Francine Wolfisz on the meteoric rise of the best-selling all-male singing phenomenon
From humble beginnings at Yeshiva University to performing for Barack Obama at the White House, the rise of the all-male a capella group the Maccabeats has been nothing short of meteoric.
Five years after they came together, the Orthodox crooners, who parody modern pop songs by giving them catchy Jewish lyrics, have a number of albums under their belt, more than 25 million views on YouTube and have toured their native US, as well as Hong Kong and New Zealand.
Next stop in the group’s hectic schedule is London, for a special performance next Thursday, 10 December, at Chanukah In The Square.
Speaking to Jewish News, which is media-sponsoring the event, group director Julian Horowitz says the Maccabeats are “absolutely looking forward” to their performance in Trafalgar Square. He adds: “London is an amazing city with an amazing Jewish community.”
Chanukah is a particularly special time for the group, who released their breakout hit, Candlelight, in November 2010. Just months earlier, the singers had put out their first album, Voices From The Heights, but it was their rendition of Taio Cruz’s then-popular club anthem Dynamite that really introduced them to the world.
Within a short time, the group had garnered 10.6 million views on YouTube for that video alone and before the next Chanukah had received an invitation to the White House. In May 2011, the Maccabeats performed at a reception in honour of Jewish American Heritage Month, where President Obama thanked them for “their outstanding performance”.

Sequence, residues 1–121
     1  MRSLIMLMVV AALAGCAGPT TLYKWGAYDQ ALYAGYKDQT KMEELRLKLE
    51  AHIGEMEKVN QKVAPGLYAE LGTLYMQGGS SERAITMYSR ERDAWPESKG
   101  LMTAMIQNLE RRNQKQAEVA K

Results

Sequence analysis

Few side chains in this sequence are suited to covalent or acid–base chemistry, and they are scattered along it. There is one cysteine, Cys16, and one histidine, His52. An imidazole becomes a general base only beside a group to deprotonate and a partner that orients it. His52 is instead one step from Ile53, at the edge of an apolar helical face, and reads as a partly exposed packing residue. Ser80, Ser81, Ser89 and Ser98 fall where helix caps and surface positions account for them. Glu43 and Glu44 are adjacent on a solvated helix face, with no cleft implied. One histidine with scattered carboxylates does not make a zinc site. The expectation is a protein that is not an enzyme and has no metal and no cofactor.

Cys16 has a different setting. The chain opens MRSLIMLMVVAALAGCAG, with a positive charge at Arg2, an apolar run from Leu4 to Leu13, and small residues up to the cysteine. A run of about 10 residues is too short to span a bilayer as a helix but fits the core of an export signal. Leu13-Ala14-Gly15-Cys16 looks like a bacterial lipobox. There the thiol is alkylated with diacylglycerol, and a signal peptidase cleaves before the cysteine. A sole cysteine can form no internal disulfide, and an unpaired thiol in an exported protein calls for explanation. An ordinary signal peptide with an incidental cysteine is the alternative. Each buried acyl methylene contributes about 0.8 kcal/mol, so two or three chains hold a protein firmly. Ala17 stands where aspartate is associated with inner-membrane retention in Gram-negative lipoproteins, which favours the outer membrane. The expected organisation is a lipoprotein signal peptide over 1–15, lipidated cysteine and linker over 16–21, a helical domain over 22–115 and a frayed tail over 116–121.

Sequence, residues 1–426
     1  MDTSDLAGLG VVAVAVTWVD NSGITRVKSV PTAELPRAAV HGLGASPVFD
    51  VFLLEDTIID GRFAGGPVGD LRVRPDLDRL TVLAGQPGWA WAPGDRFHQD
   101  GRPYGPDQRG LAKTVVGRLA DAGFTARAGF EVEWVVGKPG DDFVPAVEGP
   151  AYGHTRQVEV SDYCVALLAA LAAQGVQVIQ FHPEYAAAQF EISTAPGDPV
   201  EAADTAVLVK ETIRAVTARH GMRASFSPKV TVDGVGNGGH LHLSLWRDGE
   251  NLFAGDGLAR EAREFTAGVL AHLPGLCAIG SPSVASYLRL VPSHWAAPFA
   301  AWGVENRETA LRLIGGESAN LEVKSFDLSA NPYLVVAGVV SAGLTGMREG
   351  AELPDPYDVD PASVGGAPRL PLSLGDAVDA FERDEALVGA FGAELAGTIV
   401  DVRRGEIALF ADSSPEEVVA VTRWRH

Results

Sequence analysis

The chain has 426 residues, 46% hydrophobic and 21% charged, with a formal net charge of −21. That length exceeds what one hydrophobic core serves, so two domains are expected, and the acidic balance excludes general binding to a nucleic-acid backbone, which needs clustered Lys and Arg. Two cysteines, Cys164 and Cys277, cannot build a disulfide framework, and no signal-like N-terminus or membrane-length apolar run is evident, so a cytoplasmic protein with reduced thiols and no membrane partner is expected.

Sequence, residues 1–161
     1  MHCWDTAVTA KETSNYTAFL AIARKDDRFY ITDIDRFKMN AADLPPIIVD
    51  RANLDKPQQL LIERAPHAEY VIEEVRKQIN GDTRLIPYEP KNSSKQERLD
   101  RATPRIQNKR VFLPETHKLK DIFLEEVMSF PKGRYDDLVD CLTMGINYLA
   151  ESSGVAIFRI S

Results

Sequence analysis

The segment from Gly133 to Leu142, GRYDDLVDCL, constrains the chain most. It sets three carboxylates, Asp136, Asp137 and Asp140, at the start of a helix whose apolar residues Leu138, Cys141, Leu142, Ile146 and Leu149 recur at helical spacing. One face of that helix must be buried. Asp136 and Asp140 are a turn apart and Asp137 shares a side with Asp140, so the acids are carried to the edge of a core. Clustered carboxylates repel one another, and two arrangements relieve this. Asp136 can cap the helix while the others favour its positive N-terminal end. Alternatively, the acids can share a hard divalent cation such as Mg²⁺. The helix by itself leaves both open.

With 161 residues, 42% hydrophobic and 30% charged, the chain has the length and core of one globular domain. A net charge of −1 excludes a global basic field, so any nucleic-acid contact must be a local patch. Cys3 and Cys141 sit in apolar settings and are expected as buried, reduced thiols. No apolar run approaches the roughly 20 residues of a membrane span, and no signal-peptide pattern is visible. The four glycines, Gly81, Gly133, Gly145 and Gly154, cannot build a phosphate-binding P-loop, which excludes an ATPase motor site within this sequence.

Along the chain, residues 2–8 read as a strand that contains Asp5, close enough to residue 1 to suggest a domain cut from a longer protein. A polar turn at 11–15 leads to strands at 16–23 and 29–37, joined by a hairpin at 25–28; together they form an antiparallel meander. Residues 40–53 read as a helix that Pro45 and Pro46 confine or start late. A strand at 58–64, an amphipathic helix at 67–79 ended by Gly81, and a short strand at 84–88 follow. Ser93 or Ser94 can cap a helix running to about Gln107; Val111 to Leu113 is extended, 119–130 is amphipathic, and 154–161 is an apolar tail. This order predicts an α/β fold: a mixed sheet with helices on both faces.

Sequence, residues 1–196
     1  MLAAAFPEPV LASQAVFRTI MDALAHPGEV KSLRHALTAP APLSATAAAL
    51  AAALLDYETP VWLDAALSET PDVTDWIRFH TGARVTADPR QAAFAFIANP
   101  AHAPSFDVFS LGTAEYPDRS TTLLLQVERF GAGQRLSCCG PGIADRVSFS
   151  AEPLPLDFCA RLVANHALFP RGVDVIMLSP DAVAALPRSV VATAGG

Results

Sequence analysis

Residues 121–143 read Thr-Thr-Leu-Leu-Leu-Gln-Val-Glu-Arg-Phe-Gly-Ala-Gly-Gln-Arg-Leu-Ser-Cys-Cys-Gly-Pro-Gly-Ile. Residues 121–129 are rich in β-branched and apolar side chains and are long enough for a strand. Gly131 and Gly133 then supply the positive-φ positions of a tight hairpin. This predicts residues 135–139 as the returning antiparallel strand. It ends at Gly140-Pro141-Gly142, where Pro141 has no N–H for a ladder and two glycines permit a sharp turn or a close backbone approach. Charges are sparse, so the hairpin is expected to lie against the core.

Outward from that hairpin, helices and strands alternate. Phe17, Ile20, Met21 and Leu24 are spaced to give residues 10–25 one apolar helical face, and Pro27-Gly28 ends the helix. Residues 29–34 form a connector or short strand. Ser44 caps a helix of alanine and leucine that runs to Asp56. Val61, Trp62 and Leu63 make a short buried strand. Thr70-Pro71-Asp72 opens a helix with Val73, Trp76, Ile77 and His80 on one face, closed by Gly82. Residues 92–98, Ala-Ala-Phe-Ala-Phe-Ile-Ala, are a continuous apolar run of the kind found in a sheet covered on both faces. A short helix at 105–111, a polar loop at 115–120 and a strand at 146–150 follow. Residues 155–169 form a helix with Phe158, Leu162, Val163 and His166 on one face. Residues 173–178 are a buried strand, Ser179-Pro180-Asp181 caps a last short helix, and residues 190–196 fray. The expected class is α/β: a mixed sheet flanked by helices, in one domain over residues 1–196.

Horowitz tells me: “That was an overwhelming day – we kept asking ourselves if it was real. “Who knew that putting up a video of us making fools of ourselves in coloured boxes would get an invitation from the president? “But honestly, performing for and singing with a huge enthusiastic crowd is better than singing for any one individual.”
Since then, the Maccabeats have covered numerous hits including Matisyahu’s Miracle, which featured a brief cameo by their self-proclaimed biggest fan, Mayim Bialik, and released a second album, Out of the Box.
In 2013, the group released a medley of songs from the stage show of Les Misérables and covered Ellie Goulding’s Burn before unveiling a third album, One Day More. With their fan base reaching further afield globally, I ask Horowitz what he feels is the secret to the group’s continuing success. “There’s no one secret ingredient,” he says, “but we make sure always to send a positive message and be proud of who we are and our traditions.”
He also credits working with “the best music producers and the inimitable Uri Westrich”, the latter being the group’s video producer and former Yeshiva University student. With this year’s Chanukah almost upon us, the Maccabeats have unveiled their latest music video for Latke Recipe, which parodies Walk The Moon’s summer hit, Shut Up and Dance.
The audience at Chanukah in the Square can no doubt expect to bop along to the new track, as well as a selection of classics and songs from the new album, A Maccabeats Chanukah. With the group having more gigs lined up already for 2016, I ask Horowitz what else lies ahead for this ever-popular bunch, who bill themselves as “not your grandfather’s synagogue choir”.
His answer is tantalising. “I can’t release too many details just yet, but something big is coming in January,” he hints. “It’s possibly our most important project to date. Everything we’ve done so far might just have been leading up to this.” That’s probably the best Chanukah present Maccabeats fans could wish for.
• The Maccabeats will perform at Chanukah In The Square on Thursday, 10 December, 5.30pm to 7.30pm in Trafalgar Square